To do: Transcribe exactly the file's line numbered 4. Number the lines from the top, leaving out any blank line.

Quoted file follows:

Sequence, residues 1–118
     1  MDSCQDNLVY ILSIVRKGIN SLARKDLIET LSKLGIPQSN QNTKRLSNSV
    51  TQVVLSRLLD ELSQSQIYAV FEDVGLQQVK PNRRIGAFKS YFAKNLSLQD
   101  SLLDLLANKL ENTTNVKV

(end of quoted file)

   101  SLLDLLANKL ENTTNVKV